The intention with which we do acts matters. “Needless to say, anything done out of anxiety, pride or the need to impress others will not lead to holiness. We are challenged to show our commitment in such a way that everything we do has evangelical meaning and identifies us all the more with Jesus Christ.” 28 – Note: this is a non-medical sense of anxiety so if you have clinical anxiety don’t feel like that is an obstacle to holiness.
Holiness leads to fruit in ministry/apostolate. “To the extent that each Christian grows in holiness, he or she will bear greater fruit for our world.” 33
Chapter 2: Two Subtle Enemies of Holiness [Gnosticism and Pelagianism]
This chapter of Gaudete et Exsultate offers a critique of two errors that are be present in some people’s thoughts on holiness.
Gnosticism tends towards a certain intellectual elitism. “Thanks be to God, throughout the history of the Church it has always been clear that a person’s perfection is measured not by the information or knowledge they possess, but by the depth of their charity… [Gnostics] think of the intellect as separate from the flesh, and thus become incapable of touching Christ’s suffering flesh in others, locked up as they are in an encyclopaedia of abstractions.” 37
“Gnosticism is one of the most sinister ideologies because, while unduly exalting knowledge or a specific experience, it considers its own vision of reality to be perfect.” 40
“When somebody has an answer for every question, it is a sign that they are not on the right road.” 41 (This refers to pride of thinking you know every answer not arguing there isn’t a right answer.)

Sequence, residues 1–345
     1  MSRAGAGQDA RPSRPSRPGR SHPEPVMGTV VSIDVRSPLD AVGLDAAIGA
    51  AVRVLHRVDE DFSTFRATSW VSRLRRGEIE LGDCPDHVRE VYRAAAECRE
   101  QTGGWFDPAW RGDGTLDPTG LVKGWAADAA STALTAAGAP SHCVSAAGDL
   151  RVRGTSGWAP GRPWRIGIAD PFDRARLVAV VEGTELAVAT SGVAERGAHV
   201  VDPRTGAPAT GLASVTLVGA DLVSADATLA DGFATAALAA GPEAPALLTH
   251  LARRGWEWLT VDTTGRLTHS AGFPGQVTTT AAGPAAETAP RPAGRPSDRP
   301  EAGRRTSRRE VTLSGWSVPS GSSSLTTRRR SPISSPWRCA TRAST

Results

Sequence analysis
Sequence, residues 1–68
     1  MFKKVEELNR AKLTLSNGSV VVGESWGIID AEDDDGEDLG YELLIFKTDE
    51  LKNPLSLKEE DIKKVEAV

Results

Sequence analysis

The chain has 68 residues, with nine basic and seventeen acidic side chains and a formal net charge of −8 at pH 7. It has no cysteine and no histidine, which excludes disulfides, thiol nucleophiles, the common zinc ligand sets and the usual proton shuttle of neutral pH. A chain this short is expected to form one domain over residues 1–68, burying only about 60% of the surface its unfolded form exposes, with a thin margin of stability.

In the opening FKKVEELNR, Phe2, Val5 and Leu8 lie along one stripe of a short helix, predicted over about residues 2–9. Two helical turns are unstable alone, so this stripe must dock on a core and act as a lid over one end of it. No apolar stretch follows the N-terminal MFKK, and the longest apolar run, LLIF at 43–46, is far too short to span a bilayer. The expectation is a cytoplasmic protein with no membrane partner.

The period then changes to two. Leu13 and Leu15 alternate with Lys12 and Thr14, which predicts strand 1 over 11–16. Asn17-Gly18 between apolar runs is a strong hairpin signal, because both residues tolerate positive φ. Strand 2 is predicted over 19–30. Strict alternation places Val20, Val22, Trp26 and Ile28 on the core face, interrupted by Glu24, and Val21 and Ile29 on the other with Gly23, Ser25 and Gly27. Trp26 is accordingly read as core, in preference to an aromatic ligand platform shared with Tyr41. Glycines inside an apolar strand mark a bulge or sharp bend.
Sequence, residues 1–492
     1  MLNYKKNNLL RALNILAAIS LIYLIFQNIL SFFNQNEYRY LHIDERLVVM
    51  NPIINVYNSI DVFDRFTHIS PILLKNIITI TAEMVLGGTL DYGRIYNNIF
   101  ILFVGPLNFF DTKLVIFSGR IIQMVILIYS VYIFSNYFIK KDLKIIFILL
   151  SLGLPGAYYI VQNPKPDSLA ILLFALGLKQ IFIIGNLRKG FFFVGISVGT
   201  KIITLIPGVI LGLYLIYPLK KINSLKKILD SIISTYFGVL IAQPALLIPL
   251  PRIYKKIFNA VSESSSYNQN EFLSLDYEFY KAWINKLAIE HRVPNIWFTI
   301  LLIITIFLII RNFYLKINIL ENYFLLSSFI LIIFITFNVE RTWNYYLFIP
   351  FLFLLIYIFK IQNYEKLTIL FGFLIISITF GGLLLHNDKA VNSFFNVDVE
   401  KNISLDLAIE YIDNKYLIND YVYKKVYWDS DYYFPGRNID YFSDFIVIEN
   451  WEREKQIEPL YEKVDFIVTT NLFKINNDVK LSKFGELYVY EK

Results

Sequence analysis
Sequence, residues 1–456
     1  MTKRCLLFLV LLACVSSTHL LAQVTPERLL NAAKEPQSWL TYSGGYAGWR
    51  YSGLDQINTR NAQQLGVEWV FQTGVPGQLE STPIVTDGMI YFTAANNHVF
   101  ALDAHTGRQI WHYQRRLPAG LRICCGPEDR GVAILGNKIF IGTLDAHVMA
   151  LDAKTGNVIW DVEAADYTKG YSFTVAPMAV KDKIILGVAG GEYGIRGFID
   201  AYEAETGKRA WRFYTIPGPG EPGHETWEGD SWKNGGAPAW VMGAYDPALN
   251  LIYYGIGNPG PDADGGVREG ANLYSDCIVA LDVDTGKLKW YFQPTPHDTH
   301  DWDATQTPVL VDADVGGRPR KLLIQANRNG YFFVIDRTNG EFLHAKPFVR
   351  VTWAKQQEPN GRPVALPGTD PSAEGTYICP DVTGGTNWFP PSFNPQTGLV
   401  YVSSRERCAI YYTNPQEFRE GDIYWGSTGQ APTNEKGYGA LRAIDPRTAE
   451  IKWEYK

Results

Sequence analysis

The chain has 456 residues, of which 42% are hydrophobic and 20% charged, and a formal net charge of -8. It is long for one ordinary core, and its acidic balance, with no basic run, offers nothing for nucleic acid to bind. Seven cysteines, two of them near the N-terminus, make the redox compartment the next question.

Pelagianism: “The same power that the gnostics attributed to the intellect, others now began to attribute to the human will, to personal effort.” 47
We can’t save ourselves and opposition to this pervades Pelagian thinking. “Those who yield to this pelagian or semi-pelagian mindset, even though they speak warmly of God’s grace, ‘ultimately trust only in their own powers and feel superior to others because they observe certain rules or remain intransigently faithful to a particular Catholic style.’” 49, Evangelii Gaudium 94
On the other side, God can save us. “The Church has repeatedly taught that we are justified not by our own works or efforts, but by the grace of the Lord, who always takes the initiative.” 52
Grace isn’t instantaneous but slowly works from inside. “Only on the basis of God’s gift, freely accepted and humbly received, can we cooperate by our own efforts in our progressive transformation. We must first belong to God, offering ourselves to him who was there first, and entrusting to him our abilities, our efforts, our struggle against evil and our creativity, so that his free gift may grow and develop within us.” 56
Chapter 3: In the Light of the Master [the Beatitudes]
Pope Francis points out the importance of the Beatitudes as a focal point of Christina life. “The Beatitudes are like a Christian’s identity card. So if anyone asks: ‘What must one do to be a good Christian?’ the answer is clear. We have to do, each in our own way, what Jesus told us in the Sermon on the Mount. In the Beatitudes, we find a portrait of the Master, which we are called to reflect in our daily lives.” 63
This chapter of Gaudete et Exsultate is the most beautiful of the exhortation. However, it is a meditation on the Beatitudes, which I assume you have already studied, so quotes are a little sparser.